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1Appendix A Amended Infringement Contentions Claim Chart for Mizuho's Axis System Compared to U.S. Pat. No. 7,565,708, Jackson v. Mizuho Orthopedic Sys., Inc., No. 4:12-CV-01031 (W.D. Mo. Aug. 12, 2013).
2Appendix B Amended Infringement Contentions Claim Chart for Mizuho's Axis System Compared to U.S. Pat. No. 8,060,960, Jackson v. Mizuho Orthopedic Sys., Inc., No. 4:12-CV-01031 (W.D. Mo. Aug. 12, 2013).
3Appendix C Amended Infringement Contentions Claim Chart for Mizuho's Proaxis System Compared to U.S. Pat. No. 7,565,708, Jackson v. Mizuho Orthopedic Sys., Inc., No. 4:12-CV-01031 (W.D. Mo. Aug. 12, 2013).
4Appendix D Amended Infringement Contentions Claim Chart for Mizuho's Proaxis System Compared to U.S. Pat. No. 8,060,960, Jackson v. Mizuho Orthopedic Sys., Inc., No. 4:12-CV-01031 (W.D. Mo. Aug. 12, 2013).
5Australian Patent Examination Report No. 2, AU2014200274, dated Oct. 9, 2015.
6Brochure of OSI on Modular Table System 90D. pp. 1-15, date of first publication: Unknown.
7Brochure of Smith & Nephew on Spinal Positioning System, 2003, 2004.
8Canadian Office Action, CA2803110, dated Mar. 5, 2015.
9Chinese Office Action, CN 201180039162.0, dated Jan. 19, 2015.
10Complaint for Patent Infringement, Jackson v. Mizuho Orthopedic Sys., Inc., No. 4:12-CV-01031 (W.D. Mo. Aug. 7, 2012).
11Defendant Mizuho Orthopedic Systems, Inc.'s Answer to First Amended Complaint and Counterclaims, Jackson v. Mizuho Orthopedic Sys., Inc., No. 4:12-CV-01031 (W.D. Mo. Nov. 1, 2012).
12Defendant Mizuho Orthopedic Systems, Inc.'s Answer to Second Amended Complaint and Counterclaims, Jackson v. Mizuho Orthopedic Sys., Inc., No. 4:12-CV-01031 (W.D. Mo. Feb. 19, 2013).
13Defendant Mizuho Orthopedic Systems, Inc.'s Disclosure of Proposed Terms and Claim Elements for Construction, Jackson v. Mizuho Orthopedic Sys., Inc., No. 4:12-CV-01031 (W.D. Mo. Apr. 5, 2013).
14Defendant Mizuho Orthopedic Systems, Inc.'s Objections and Responses to Plaintiff's First Set of Interrogatories, Jackson v. Mizuho Orthopedic Sys., Inc., No. 4:12-Cv-01031 (W.D. Mo. Jun. 24, 2013).
15Defendant Mizuho Orthopedic Systems, Inc.'s Opening Claim Construction Brief, Jackson v. Mizuho Orthopedic Sys., Inc., No. 4:12-CV-01031 (W.D. Mo. Jul. 31, 2013).
16Defendant Mizuho Orthopedic Systems, Inc.'s Opposition to Plaintiff's Motion to Strike, Jackson v. Mizuho Orthopedic Sys., Inc., No. 4:12-CV-01031 (W.D. Mo. Sep. 3, 2013).
17Defendant Mizuho Orthopedic Systems, Inc's Brief in Response to Plaintiff's Opening Claim Construction Brief, Jackson v. Mizuho Orthopedic Sys., Inc., No. 4:12-CV-01031 (W.D. Mo. Aug. 16, 2013).
18Defendant Mizuho Osi's Amended Invalidity Contentions Pursuant to the Parties' Joint Scheduling Order, Jackson v. Mizuho Orthopedic Sys., Inc., No. 4:12-CV-01031 (W.D. Mo. May 15, 2013).
19Defendant Mizuho Osi's Invalidity Contentions Pursuant to the Parties' Joint Scheduling Order, Jackson v. Mizuho Orthopedic Sys., Inc., No. 4:12-CV-01031 (W.D. Mo. Feb. 22, 2013).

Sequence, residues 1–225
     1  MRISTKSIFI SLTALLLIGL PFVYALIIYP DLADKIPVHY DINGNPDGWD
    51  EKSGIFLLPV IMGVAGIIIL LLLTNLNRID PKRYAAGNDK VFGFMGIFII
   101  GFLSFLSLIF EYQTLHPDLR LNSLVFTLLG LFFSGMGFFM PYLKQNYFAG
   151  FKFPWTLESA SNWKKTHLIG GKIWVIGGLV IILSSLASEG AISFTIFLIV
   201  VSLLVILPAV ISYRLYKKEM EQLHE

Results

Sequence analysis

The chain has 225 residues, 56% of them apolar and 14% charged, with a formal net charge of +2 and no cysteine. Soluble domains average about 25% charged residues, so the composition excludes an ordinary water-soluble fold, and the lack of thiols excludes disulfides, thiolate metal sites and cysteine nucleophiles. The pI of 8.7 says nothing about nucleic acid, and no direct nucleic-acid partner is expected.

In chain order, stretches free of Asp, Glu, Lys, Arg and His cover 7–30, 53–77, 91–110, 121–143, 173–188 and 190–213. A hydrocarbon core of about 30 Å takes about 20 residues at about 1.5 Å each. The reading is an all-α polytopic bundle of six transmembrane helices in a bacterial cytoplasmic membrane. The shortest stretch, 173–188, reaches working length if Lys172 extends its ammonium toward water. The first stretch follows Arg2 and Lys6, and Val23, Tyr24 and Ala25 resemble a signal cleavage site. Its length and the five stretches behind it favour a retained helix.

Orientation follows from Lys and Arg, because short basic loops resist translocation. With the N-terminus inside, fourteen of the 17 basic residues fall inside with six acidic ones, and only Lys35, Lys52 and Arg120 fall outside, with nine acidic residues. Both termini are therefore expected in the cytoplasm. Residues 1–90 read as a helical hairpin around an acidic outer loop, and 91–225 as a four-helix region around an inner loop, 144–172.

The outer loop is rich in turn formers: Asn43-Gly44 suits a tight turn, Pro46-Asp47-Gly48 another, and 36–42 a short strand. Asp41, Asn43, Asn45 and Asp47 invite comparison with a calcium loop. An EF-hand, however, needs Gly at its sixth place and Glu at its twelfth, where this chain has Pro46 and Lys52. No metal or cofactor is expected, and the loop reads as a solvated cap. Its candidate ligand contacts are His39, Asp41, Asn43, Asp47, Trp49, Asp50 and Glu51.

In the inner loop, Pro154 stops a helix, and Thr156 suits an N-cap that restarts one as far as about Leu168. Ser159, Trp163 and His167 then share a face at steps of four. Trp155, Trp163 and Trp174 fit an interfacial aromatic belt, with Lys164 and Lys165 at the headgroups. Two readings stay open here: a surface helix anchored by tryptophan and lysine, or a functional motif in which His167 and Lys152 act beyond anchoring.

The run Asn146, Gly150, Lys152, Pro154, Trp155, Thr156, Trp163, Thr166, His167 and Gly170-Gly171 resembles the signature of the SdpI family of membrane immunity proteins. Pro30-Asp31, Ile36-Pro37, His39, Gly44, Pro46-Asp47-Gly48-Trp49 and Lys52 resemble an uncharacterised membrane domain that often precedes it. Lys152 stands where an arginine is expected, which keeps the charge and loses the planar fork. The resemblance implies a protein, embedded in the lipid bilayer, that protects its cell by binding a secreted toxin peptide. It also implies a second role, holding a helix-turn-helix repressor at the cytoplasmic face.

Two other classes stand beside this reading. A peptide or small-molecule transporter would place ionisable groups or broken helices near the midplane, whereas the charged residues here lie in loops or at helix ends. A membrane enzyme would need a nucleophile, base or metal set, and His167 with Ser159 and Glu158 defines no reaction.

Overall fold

20European Examination Report, EP11798501.0, dated Nov. 12, 2015.
21European Search Report, EP11798501.0, dated Mar. 30, 2015.
22First Amended Complaint for Patent Infringement and Correction of Inventorship, Jackson v. Mizuho Orthopedic Sys., Inc., No. 4:12-CV-01031 (W.D. Mo. Sep. 21, 2012).
23International Search Report and Written Opinion of the International Searching Authority, PCT/US2015/039400, dated Dec. 7, 2015, 13 pages.
24Japanese Final Rejection (English version), JP 2014-142074, dated Dec. 6, 2015.
25Japanese Office Action, JP 2014-132463, dated Jun. 18, 2015.
26Japanese Office Action, JP 2014-142074, dated Jun. 18, 2015.
27Japanese Office Action, JP 2016-041088, dated Apr. 12, 2016.
28Joint Claim Construction Chart and Joint Prehearing Statement, Jackson v. Mizuho Orthopedic Sys., Inc., No. 4:12-CV-01031 (W.D. Mo. Jun. 7, 2013).
29Mizuho Orthopedic Systems, Inc.'s Disclosure of Proposed Claim Constructions and Extrinsic Evidence, Jackson v. Mizuho Orthopedic Sys., Inc., No. 4:12-CV-01031 (W.D. Mo. May 13, 2013).
30Mizuho's Claim Construction Argument, Jackson v. Mizuho Orthopedic Sys., Inc., No. 4:12-CV-01031 (W.D. Mo. Oct. 11, 2013).
31Order, Jackson v. Mizuho Orthopedic Sys., Inc., No. 4:12-CV-01031 (W.D. Mo. Apr. 4, 2014).
32Pages from website http://www.schaerermayfieldusa.com, pp. 1-5, date of first publication: Unknown.
33Plaintiff Roger P. Jackson, MD's Claim Construction Presentation for U.S. District Judge Nanette K. Laughrey, Jackson v. Mizuho Orthopedic Sys., Inc., No. 4:12-CV-01031 (W.D. Mo. Oct. 11, 2013).
34Plaintiff Roger P. Jackson, MD's Disclosure of Preliminary Proposed Claim Constructions, Jackson v. Mizuho Orthopedic Sys., Inc., No. 4:12-CV-01031 (W.D. Mo. May 13, 2013).
35Plaintiff Roger P. Jackson, MD's Opening Claim Construction Brief, Jackson v. Mizuho Orthopedic Sys., Inc., No. 4:12-CV-01031 (W.D. Mo. Jul. 31, 2013).
36Plaintiff Roger P. Jackson, MD's Responsive Claim Construction Brief, Jackson v. Mizuho Orthopedic Sys., Inc., No. 4:12-CV-01031 (W.D. Mo. Aug. 16, 2013).
37Plaintiff Roger P. Jackson, MD's Suggestions in Support of His Motion to Strike Exhibit a of Mizuho's Opening Claim Construction Brief, Jackson v. Mizuho Orthopedic Sys., Inc., No. 4:12-CV-01031 (W.D. Mo. Aug. 16, 2013).
38Plaintiff Roger P. Jackson, MD's, Reply to Counterclaims, Jackson v. Mizuho Orthopedic Sys., Inc., No. 4:12-CV-01031 (W.D. Mo. Nov. 26, 2012).
39Plaintiff Roger P. Jackson, MD's, Reply to Second Counterclaims, Jackson v. Mizuho Orthopedic Sys., Inc., No. 4:12-CV-01031 (W.D. Mo. Mar. 12, 2013).
40Quayle Action, U.S. Appl. No. 14/792,216, dated Sep. 9, 2015.
41Roger P. Jackson, MD's Disclosure of Proposed Terms to Be Construed, Jackson v. Mizuho Orthopedic Sys., Inc., No. 4:12-CV-01031 (W.D. Mo. Apr. 5, 2013).
42Roger P. Jackson's Disclosure of Asserted Claims and Preliminary Infringement Contentions, Jackson v. Mizuho Orthopedic Sys., Inc., No. 4:12-CV-01031 (W.D. Mo. Jan. 4, 2013).
43Second Amended Complaint for Patent Infringement, for Correction of Inventorship, for Breach of a Non-Disclosure and Confidentiality Agreement, and for Misappropriation of Dr. Jackson's Right of Publicity, Jackson v. Mizuho Orthopedic Sys., Inc., No. 4:12-CV-01031 (W.D. Mo. Jan. 28, 2013).
44Transcript of Claim Construction Hearing, Jackson v. Mizuho Orthopedic Sys., Inc., No. 4:12-CV-01031 (W.D. Mo. Oct. 11, 2013).
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Eventos legales
FechaCódigoEventoDescripción
2 Sep 2015ASAssignment
Owner name: JACKSON, ROGER P., KANSAS
Free format text: ASSIGNMENT OF ASSIGNORS INTEREST;ASSIGNORS:GUERRA, LAWRENCE E.;WAGGONER, TREVOR A.;REEL/FRAME:036482/0130
Effective date: 20150820